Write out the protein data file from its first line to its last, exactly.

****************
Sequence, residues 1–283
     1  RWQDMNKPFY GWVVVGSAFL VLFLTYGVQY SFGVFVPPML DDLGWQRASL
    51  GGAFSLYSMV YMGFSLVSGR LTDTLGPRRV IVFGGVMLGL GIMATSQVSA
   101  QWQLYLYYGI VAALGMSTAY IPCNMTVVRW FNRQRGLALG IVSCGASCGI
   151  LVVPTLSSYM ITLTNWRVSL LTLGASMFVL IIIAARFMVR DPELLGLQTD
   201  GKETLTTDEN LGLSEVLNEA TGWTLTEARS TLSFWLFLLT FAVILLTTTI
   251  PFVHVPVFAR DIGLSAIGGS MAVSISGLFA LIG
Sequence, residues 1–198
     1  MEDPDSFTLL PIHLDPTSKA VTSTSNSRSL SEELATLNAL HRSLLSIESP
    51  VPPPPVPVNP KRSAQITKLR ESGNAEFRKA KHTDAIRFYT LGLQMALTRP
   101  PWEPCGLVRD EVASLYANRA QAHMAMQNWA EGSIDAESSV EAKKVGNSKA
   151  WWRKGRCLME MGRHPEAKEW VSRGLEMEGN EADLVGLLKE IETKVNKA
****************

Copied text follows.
Sequence, residues 1–283
     1  RWQDMNKPFY GWVVVGSAFL VLFLTYGVQY SFGVFVPPML DDLGWQRASL
    51  GGAFSLYSMV YMGFSLVSGR LTDTLGPRRV IVFGGVMLGL GIMATSQVSA
   101  QWQLYLYYGI VAALGMSTAY IPCNMTVVRW FNRQRGLALG IVSCGASCGI
   151  LVVPTLSSYM ITLTNWRVSL LTLGASMFVL IIIAARFMVR DPELLGLQTD
   201  GKETLTTDEN LGLSEVLNEA TGWTLTEARS TLSFWLFLLT FAVILLTTTI
   251  PFVHVPVFAR DIGLSAIGGS MAVSISGLFA LIG
Sequence, residues 1–198
     1  MEDPDSFTLL PIHLDPTSKA VTSTSNSRSL SEELATLNAL HRSLLSIESP
    51  VPPPPVPVNP KRSAQITKLR ESGNAEFRKA KHTDAIRFYT LGLQMALTRP
   101  PWEPCGLVRD EVASLYANRA QAHMAMQNWA EGSIDAESSV EAKKVGNSKA
   151  WWRKGRCLME MGRHPEAKEW VSRGLEMEGN EADLVGLLKE IETKVNKA